Inflationomics

2015 Review

The war in Syria continues, sending out a flood of refugees to Europe and beyond.  Russia has joined the Syrian fray, and Europeans are becoming frayed around the edges as more refugees move in.

Meanwhile, rich Arab countries do not help with the Syrian diaspora because they are having enough trouble feeding their own people.  Saudi Arabia has stopped growing food in its desert and will be growing it elsewhere and importing it.  Middle Eastern oil-rich countries continue to subsidize their food prices/supplies with the oil they sell.  Unfortunately, the price of oil has dropped during 2015 due to new competition from the United States and the expansion of fracking.  Not only has this caused Saudi Arabia (for example) to run a deficit in 2015, but it has also forced them to continue pumping more and more oil in an attempt to pay their bills and to maintain their market share in the oil industry, driving prices lower still.

Meanwhile, back in the United States, the oil producing companies that have borrowed money are finding it more difficult (with lower oil prices) to service their debts.  And with no end to the decline in oil prices in sight, the U.S. Congress (and president Obama) may actually allow U.S. oil companies to export oil soon, rather than having them default on their debts and go bankrupt. (Unusually sensible for politicians, don’t you agree?)  Nevertheless, a looming debt default crisis is growing.

The student loan problem in the United States isn’t going away.  The labor market for recent graduates isn’t very rosy, making it difficult to repay student loans.  A growing debt default crisis is looming.

The Fed kept interest rates low during most of 2015, which buoyed the U.S. stock market and real estate market.  The stock market’s performance, in turn, led the Fed to threaten to raise interest rates, and since December 16, when the Fed announced that it would raise interest rates, the stock market has been somewhat jittery.  The junk bond market is also looking less than stable.

The U.S. dollar has strengthened relative to other currencies during the year.  While this didn’t help exports, it encouraged the Fed to raise interest rates.  The Fed still wants to obtain a 2% inflation rate, but is facing an uphill battle with all the debt problems and deleveraging the world is facing.

In Europe, Mario Draghi promised to do “whatever it takes” in 2012 to save the Euro and so far, he has succeeded.  But at what cost?  During the past 2 years, the Euro dropped from roughly $1.38 to $1.08/Euro.  And now, with the added cost of supporting the refugees, it’s hard to see how the European economy can avoid a recession.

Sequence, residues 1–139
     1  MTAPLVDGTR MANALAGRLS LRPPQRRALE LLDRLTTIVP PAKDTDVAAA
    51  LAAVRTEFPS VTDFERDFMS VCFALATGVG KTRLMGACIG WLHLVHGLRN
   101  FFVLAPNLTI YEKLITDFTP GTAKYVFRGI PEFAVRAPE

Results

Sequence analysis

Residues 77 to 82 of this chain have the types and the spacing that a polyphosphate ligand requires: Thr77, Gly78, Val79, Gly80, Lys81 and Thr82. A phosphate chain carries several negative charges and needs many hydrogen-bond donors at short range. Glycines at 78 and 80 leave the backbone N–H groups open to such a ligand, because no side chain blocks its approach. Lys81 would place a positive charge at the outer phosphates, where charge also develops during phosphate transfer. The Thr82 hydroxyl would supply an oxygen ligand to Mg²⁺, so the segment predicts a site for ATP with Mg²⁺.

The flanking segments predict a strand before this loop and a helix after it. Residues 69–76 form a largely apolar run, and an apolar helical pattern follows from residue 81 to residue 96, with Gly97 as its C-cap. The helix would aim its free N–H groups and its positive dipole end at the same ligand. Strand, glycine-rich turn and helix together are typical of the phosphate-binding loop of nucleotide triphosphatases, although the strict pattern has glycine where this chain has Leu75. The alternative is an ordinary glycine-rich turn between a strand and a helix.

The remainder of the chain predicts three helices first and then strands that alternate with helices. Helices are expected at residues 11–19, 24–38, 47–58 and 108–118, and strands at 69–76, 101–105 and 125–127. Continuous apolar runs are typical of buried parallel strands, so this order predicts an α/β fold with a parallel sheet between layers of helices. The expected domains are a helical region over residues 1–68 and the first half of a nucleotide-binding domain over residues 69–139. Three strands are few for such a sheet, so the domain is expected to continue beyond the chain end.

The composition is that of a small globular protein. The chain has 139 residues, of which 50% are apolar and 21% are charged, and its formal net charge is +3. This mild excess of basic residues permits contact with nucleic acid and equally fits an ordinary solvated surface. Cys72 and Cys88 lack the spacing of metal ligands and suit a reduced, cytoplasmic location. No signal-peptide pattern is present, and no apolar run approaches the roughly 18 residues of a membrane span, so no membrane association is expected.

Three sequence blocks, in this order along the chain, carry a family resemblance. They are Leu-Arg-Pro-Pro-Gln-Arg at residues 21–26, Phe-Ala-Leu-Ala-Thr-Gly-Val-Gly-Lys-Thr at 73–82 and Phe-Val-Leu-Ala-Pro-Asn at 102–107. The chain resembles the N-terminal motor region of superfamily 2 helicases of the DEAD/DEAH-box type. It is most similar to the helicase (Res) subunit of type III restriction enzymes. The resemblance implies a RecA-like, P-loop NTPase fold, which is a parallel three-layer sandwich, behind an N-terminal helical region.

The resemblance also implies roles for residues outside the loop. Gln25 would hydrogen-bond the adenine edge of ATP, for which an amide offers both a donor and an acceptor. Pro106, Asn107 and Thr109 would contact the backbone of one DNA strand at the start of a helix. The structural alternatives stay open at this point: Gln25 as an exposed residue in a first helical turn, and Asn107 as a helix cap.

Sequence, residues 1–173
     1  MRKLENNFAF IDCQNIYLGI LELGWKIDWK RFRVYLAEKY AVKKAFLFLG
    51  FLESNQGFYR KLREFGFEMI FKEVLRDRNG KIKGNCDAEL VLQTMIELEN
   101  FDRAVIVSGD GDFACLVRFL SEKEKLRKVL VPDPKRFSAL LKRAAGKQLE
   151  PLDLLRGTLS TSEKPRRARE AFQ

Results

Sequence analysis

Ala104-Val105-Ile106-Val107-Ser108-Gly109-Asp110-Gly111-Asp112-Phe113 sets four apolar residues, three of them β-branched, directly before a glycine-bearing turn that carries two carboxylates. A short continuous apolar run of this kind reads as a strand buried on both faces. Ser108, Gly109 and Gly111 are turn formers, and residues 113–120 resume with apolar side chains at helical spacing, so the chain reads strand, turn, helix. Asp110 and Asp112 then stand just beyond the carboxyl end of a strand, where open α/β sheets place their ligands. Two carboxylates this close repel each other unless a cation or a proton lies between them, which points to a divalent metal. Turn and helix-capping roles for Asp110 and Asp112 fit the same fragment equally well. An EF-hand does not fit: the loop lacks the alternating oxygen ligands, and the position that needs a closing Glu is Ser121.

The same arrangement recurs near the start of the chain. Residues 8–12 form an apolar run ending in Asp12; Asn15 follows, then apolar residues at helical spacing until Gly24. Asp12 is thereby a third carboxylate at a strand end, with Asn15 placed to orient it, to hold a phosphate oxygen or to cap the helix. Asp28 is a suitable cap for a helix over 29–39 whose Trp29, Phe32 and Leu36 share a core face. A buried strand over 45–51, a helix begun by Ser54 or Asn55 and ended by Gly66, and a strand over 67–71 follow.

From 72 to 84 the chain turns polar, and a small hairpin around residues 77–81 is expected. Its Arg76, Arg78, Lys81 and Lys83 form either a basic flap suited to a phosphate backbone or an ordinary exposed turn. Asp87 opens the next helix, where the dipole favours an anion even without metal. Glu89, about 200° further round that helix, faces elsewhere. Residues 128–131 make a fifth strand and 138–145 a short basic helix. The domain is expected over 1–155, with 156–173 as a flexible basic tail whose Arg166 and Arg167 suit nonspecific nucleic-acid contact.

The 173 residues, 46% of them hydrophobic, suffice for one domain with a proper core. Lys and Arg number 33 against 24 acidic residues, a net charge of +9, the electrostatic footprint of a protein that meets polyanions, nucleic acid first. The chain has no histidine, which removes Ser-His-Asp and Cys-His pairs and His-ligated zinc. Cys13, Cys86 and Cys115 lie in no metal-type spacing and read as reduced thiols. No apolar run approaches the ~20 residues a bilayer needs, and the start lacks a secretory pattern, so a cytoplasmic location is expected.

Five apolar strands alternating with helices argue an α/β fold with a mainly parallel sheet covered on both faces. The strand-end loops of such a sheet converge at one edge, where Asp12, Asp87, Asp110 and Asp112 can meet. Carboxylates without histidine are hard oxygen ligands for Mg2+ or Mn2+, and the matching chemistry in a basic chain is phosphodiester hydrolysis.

Japan is continuing its Abenomics policy of quantitative easing; i.e., printing more money, in an attempt to cheapen the yen and make its economy relatively more competitive.  Meanwhile, its public debt, as a percent of GDP, is still around 210%.  Not good.  Is it any wonder that their economy is shrinking?

China has a little more leeway in how it handles things because it isn’t limited by what voters want.  On the other hand, it’s harder to believe what the Chinese government says about the economy, given its lack of transparency.  Still, there’s no doubt that its economy has grown in recent years…leading to the IMF’s decision to include the yuan in its list of reserve currencies, which could spawn a rise in demand for the yuan in the long run.  In the short run, however, the Chinese government devalued its currency earlier in 2015 and saw its stock market lose half its value.  Consequently, it’s trying to shore up its stock market (in part by selling U.S. Treasury Bonds) and buoy its currency.  No wonder many Chinese are sending their money outside China.  They want a safer investment in a country with a more stable currency, as well as cleaner air and water.  Sound familiar? I guess the grass is often greener on the other side of the globe…

Bottom Line:   Inflationomics continues to hold sway around the world and the central banks continue to pump more money into the system in an attempt to get inflation up to 2%.  On the other hand, because interest rates have been kept so low for so long, the weight of all the accumulated debt is keeping people from saving and investing their money in productive assets (or spending it on consumptive items).

Meanwhile, the U.S. Fed thinks it has things under control and that the U.S. can afford to raise its interest rates.  In the short run, raising interest rates may actually encourage investment in the United States, as it appears to be a relatively safe haven for now.  In the long run, however, the United States government is still the largest debtor in the world, without any hope of paying off its debts without price inflation to diminish the U.S. dollar’s value…it’s just of matter of time.

It’s hard to know which will happen first, expanding social unrest/war in the Middle East and a possible spike in oil prices, or a deflationary spiral driving commodity prices lower due to growing debts around the world. 2016 may tell.

Robert F. Sennholz

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